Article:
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Multi-octave supercontinuum generation in YAG pumped by mid-infrared, multi-picosecond pulses

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Cheng,  S.
International Max Planck Research School for Ultrafast Imaging & Structural Dynamics (IMPRS-UFAST), Max Planck Institute for the Structure and Dynamics of Matter, Max Planck Society;
Miller Group, Atomically Resolved Dynamics Department, Max Planck Institute for the Structure and Dynamics of Matter, Max Planck Society;

Chatterjee,  G.
Miller Group, Atomically Resolved Dynamics Department, Max Planck Institute for the Structure and Dynamics of Matter, Max Planck Society;

Tellkamp,  F.
Machine Physics, Scientific Service Units, Max Planck Institute for the Structure and Dynamics of Matter, Max Planck Society;

Miller,  R. J. D.
Miller Group, Atomically Resolved Dynamics Department, Max Planck Institute for the Structure and Dynamics of Matter, Max Planck Society;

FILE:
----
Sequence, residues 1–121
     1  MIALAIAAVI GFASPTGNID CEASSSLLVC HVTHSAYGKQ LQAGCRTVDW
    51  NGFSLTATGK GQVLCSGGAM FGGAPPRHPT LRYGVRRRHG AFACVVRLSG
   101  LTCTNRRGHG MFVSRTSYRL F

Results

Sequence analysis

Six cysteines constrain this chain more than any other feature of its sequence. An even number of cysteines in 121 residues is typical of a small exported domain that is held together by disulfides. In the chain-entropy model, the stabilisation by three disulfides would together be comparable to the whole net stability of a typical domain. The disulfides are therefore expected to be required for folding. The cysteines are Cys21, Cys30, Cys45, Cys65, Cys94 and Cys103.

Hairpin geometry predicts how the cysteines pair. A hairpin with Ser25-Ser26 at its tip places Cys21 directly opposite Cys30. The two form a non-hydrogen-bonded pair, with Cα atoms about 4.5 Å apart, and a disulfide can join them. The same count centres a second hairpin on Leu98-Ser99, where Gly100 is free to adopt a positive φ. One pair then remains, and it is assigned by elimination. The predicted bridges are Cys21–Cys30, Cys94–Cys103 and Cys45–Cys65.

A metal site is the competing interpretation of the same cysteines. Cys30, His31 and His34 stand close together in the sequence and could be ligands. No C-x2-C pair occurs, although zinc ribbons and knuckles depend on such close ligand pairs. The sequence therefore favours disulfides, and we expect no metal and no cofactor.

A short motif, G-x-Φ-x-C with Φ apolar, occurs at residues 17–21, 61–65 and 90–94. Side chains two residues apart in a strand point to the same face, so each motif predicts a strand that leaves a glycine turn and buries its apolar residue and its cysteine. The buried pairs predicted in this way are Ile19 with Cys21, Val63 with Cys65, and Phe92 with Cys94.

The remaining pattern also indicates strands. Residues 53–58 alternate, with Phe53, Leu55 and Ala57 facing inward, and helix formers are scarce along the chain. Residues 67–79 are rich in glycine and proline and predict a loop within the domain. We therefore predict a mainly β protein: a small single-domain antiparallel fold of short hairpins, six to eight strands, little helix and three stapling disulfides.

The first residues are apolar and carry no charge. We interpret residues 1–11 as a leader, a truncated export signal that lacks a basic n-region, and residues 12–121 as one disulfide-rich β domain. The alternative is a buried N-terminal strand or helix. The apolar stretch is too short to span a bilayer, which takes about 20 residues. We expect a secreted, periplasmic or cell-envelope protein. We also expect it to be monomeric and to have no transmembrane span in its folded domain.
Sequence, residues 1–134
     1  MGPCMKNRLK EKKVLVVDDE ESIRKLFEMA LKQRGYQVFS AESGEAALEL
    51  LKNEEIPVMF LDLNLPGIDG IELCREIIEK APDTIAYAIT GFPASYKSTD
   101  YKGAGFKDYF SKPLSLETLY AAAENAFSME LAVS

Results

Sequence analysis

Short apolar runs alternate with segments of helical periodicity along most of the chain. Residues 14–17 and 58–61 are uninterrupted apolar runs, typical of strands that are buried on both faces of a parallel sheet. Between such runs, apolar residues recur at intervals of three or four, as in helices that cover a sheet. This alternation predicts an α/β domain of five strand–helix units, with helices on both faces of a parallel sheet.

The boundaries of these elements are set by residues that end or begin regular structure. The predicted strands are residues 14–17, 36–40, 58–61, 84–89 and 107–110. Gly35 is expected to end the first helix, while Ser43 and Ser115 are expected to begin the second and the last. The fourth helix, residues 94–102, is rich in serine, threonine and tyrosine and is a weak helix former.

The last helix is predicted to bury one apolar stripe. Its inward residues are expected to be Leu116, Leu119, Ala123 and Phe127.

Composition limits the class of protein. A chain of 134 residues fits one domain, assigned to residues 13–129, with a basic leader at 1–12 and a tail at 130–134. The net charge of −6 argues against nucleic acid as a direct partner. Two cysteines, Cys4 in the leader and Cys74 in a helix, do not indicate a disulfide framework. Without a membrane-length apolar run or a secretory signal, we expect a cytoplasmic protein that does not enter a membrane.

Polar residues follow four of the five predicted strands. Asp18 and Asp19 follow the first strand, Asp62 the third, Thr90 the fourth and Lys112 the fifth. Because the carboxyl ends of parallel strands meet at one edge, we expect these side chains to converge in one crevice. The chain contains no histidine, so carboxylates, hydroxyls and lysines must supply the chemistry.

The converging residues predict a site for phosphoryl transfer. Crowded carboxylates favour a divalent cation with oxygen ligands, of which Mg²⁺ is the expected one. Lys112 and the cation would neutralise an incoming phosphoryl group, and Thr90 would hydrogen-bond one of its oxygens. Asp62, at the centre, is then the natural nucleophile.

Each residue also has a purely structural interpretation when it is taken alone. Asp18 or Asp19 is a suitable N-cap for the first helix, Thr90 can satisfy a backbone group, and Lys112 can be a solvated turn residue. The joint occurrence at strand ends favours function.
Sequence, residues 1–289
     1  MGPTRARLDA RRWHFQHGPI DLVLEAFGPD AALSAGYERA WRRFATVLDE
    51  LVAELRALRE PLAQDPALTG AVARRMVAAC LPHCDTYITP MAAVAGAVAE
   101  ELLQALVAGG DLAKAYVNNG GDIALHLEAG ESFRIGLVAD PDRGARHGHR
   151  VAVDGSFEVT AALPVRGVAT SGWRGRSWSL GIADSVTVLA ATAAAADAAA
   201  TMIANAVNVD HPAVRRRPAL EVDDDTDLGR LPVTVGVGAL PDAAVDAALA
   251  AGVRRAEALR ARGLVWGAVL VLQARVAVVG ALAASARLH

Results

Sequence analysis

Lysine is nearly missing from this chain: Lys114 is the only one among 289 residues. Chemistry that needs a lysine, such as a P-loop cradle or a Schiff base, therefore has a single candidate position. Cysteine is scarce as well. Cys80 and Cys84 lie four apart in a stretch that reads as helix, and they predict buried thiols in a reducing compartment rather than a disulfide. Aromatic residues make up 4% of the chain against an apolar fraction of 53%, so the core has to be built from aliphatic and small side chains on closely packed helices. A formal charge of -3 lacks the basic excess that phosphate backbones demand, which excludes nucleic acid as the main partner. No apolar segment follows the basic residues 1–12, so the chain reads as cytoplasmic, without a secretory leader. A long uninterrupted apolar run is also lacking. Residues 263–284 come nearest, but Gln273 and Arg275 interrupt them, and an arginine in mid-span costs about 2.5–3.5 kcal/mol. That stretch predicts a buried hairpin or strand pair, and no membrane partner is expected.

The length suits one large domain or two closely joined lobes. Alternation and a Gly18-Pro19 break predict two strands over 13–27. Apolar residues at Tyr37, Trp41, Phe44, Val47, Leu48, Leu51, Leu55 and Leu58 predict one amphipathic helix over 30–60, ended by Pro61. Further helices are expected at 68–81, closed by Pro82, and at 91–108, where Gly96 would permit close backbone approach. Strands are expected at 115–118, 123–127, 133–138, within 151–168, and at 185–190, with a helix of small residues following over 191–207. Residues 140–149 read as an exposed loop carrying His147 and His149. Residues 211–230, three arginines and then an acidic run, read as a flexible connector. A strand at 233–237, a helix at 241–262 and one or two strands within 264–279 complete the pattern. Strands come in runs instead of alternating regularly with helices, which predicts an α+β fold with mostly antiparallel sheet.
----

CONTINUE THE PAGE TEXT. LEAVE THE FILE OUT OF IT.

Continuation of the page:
Centre for Ultrafast Imaging (CUI), Universität Hamburg;
Departments of Chemistry and Physics, University of Toronto;

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Citation

Cheng, S., Chatterjee, G., Tellkamp, F., Ruehl, A., & Miller, R. J. D. (2018). Multi-octave supercontinuum generation in YAG pumped by mid-infrared, multi-picosecond pulses. Optics Letters, 43(18), 4329-4332. doi:10.1364/OL.43.004329.


Cite as: http://hdl.handle.net/21.11116/0000-0005-DBD7-2
Abstract
High-energy, multi-octave supercontinuum (SC) generation in bulk media pumped with picosecond pulses in the mid-infrared, though pivotal in a myriad of applications, poses severe constraints due to wavelength scaling of the critical power criterion and the propensity to induce avalanche-ionization-seeded breakdown mechanisms. Here, we demonstrate a simple experimental geometry, relying on a very low numerical aperture for the pump pulse, and a crystal length commensurate with the Rayleigh length of the focusing geometry, generating a multi-octave, stable SC in yttrium aluminum garnet (YAG). The SC ranges from 500 nm to 3.5 μm (measured at −30  dB with spectral components at wavelengths up to 4.5 μm) when pumped by a 3 ps pulse centered at 2.05 μm in the anomalous dispersion regime. We also investigate the dynamics of filament formation in this interaction regime by monitoring the spectral and temporal evolution of the pulse during its propagation through the length of the crystal.